Democratic National Committee Chair and Representative Debbie Wasserman Schultz (D-FL) spoke out for the need to have not only more women in politics, but those who will work for "the causes of women"  She encouraged the need to move away from "the default white-guy, good old boy to be president," and she attributed her self-proclaimed success to her conviction that "it's not hard to outwork most of the men."  She was supported in this view by Neera Tanden, who is the president of the Center of American Progress.  Though Ms. Tanden was the policy director for Hillary Clinton's presidential campaign, she has become a major go-to voice for the Obama administration.

A flawless and golden Mika Brzezinski (co-host of MSNBC's Morning Joe) interviewed Senior Advisor to Obama Valerie Jarrett.  These two glowing and groomed gals chatted like old friends about the difficulties of being female in a man's world.  They repeated the tired phrases of all the other feminists: you must work harder than anyone else, you must believe in yourself, you must promote your résumé, you must find female mentors, you must help pave the way for other women coming up behind you.  After all, women are superior to men in all ways.  Aren't they?  (Audience laughter here.)

But wait: the day was not lost, for on the menu -- just to stay fair and balanced -- were three ladies I found worth hearing.  Linda Rabbitt (founder, chairwoman, and CEO of Rand Construction Corp.) heads up a vast team of employees and manages an average annual volume of over $250 million.  Another admirable lady was Representative Cathy McMorris Rodgers (R-WA), who came to office from a family-owned orchard and an education from Pensacola Christian College.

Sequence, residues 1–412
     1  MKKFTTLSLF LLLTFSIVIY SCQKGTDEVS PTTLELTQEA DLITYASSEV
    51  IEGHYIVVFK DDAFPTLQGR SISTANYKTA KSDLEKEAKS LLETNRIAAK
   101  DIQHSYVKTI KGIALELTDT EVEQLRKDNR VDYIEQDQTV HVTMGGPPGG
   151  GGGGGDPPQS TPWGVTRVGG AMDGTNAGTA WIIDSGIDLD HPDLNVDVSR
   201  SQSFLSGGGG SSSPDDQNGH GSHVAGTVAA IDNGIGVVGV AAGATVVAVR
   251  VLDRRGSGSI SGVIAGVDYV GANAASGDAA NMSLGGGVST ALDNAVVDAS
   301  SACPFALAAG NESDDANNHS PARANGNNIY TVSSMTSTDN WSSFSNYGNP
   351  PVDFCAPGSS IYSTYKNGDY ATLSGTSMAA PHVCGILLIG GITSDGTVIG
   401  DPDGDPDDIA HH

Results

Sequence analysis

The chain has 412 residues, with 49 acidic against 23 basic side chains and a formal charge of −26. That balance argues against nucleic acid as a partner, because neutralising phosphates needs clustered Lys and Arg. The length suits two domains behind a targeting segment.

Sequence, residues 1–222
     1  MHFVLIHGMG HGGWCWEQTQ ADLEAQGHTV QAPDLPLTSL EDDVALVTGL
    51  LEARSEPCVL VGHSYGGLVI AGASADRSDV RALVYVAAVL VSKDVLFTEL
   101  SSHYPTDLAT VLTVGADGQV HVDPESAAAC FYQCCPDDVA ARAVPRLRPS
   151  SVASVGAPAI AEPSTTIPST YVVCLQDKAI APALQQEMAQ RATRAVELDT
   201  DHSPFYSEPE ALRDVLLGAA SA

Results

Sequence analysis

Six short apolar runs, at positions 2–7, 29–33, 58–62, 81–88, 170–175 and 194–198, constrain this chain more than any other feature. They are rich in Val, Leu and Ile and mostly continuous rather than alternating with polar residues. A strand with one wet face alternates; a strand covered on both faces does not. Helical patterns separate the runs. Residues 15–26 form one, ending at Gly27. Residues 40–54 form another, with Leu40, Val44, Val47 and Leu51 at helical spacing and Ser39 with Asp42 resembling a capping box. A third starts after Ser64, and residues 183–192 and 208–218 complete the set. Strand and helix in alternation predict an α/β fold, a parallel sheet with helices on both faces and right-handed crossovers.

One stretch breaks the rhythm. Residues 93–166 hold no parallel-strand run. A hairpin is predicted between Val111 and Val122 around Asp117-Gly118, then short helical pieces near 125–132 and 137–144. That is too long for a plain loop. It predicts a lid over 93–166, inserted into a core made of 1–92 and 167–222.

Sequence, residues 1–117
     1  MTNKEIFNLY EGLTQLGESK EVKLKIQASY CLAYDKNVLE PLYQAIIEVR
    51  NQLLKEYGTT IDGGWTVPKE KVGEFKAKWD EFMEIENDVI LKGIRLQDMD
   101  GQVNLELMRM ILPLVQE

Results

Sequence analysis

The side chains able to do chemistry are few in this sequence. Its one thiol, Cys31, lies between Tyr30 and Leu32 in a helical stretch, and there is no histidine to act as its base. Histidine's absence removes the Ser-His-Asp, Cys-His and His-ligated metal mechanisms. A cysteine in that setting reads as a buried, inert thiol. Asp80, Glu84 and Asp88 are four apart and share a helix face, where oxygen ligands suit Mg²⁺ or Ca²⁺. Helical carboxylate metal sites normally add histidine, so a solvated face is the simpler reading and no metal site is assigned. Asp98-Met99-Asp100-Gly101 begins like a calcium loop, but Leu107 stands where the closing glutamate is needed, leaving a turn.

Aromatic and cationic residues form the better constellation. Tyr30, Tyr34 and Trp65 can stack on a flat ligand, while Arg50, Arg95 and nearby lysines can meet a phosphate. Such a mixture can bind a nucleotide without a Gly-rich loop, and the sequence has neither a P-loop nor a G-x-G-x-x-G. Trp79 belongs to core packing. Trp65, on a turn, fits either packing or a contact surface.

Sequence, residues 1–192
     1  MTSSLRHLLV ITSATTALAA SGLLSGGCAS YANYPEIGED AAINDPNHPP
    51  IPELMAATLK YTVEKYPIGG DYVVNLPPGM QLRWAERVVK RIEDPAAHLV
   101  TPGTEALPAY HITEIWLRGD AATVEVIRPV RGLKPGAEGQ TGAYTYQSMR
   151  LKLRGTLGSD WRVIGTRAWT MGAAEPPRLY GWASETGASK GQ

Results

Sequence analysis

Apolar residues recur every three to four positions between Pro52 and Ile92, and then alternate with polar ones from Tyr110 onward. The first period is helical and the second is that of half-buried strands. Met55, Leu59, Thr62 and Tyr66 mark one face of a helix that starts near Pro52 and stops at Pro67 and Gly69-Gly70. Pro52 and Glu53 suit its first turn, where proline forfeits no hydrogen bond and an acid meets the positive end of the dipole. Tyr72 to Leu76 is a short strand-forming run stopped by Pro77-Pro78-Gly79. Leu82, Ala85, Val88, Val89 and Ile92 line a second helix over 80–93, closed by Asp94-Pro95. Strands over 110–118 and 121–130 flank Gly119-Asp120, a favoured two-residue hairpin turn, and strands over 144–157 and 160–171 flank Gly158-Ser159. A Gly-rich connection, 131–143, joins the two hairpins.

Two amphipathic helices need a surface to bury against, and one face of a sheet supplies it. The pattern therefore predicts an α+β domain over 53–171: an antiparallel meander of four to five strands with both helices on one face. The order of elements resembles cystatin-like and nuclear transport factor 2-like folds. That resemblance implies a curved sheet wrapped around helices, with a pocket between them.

The most inspiring speaker in my opinion was from the great state of Texas: longtime Senator Kay Bailey Hutchison (R-TX).  Of all the impressive women who spoke that day, Senator Hutchison presented to me an example of what I would most like to represent.  She was professionally attired in a pretty kelly green and white skirt-suit.  She sat in ladylike fashion, with her skirt covering her knees, and she spoke in low, soft tones.  Never once did she speak a word against anyone -- not even men.  In fact, she was complimentary of the other women in Congress and expressed appreciation for her baby shower hosted by Hillary Clinton and the ladies who join her regularly for dinners.  She did not mention (to my memory) any current or past president.  She did humbly but confidently speak about her consideration of running for the highest office, but then she spoke of her two adopted children.  At one point she turned to the audience and strongly stated that the number-one priority of her job was to "serve the constituents."  She was the only speaker who made this type of remark.

I doubt that these last three mentioned ladies (Ms. Rabbitt, Representative Rodgers, Senator Hutchison) would be found on the long, long list of women who surround the Obama administration.  They do not fit the profile of "goddess."  In fact, just the opposite.  These competent, calm, and conservative ladies are just what a successful president should be seeking.

Obama's cult of goddesses will one day find that they no longer need any male to promote "the causes of women."  And he will find himself with no one to worship and no one to worship him.